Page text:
Beamish – The Living Museum of the North

Beamish is a different kind of museum, rather than being exhibits in cases in a building, the buildings are the museum, along with the transport and artefacts. This museum dedicated to “ordinary people” has shops, houses, schools and workplaces from a range of time periods.

The bulk of the museum is set in the 1900s, with a 1900s town, pit village and Colliery. But since I had last visited as a child there have been a number of expansions, with a 1940s farm, 1950s street and 1820s Georgian section. To travel between the different areas of the site you can walk or ride on a bus or tram. There is a specially adapted heritage bus for those for which the high step into the old vehicles is unsuitable.

A 1900s town scene with tram and motor repair shop

The museum staff all wear the appropriate clothing for the time period they are in. But they don’t pretend to be acting as real Victorians, but copying the lifestyle of that time. For example, in the pit village, they were making rag rugs and in the town, they were explaining how the coal fire worked. And in the shops you can buy a handmade sausage roll or pint of beer in the pub using contactless payment.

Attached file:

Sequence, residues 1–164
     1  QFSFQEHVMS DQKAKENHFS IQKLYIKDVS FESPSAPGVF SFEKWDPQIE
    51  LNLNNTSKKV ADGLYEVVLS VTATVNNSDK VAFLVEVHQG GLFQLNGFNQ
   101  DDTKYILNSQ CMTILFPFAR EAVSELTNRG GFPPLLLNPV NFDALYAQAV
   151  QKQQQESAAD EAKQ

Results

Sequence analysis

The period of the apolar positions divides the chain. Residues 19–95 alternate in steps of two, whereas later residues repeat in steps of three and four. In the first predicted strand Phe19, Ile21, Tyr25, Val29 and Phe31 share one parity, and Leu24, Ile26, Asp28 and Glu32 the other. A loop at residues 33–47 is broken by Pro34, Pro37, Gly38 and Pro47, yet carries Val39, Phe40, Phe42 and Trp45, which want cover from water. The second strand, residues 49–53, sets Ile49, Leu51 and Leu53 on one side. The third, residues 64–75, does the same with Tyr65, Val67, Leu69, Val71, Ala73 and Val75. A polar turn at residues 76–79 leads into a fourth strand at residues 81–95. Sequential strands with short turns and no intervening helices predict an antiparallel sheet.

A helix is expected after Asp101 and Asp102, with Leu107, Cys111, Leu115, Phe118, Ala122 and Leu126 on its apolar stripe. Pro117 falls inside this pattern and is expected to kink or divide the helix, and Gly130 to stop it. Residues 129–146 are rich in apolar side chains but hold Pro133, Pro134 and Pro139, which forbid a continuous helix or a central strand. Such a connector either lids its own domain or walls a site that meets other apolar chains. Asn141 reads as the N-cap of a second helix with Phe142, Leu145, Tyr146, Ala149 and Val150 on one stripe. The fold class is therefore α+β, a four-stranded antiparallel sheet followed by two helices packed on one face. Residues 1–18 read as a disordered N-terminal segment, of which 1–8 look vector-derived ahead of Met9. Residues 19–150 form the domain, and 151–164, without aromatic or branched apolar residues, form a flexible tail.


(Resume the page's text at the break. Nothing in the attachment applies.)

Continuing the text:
The inspiration behind the Beamish museum was a trip to a Scandinavian folk museum. The founder Dr Frank Atkinson realised that the North East was dramatically changing and that the region was losing its industrial heritage. So he set about making a new museum to “illustrate vividly” the way of life of ordinary folk.

One thing I found fascinating about the site is that many of the buildings have been dismantled from their original locations around the North East and rebuilt on the Beamish site. For example, the front of the Freemason’s hall was moved from Sunderland. The rest of the building is a reproduction based on photographs of the original building and updated to modern building standards.

It is a physically large museum. We spent about 6 hrs at the museum and did not have chance to see the farm or Georgian area. The current layout would need about 2 days to cover.

However, the 1950s town is being expanded with a cinema and outdoor games and the 1820s cottage industry is also gaining a pottery, blacksmiths and tavern. So perhaps a revisit in a few years would be worthwhile. The tickets do give you a full year’s entrance but you do need to book a free timeslot on the days you wish to visit.

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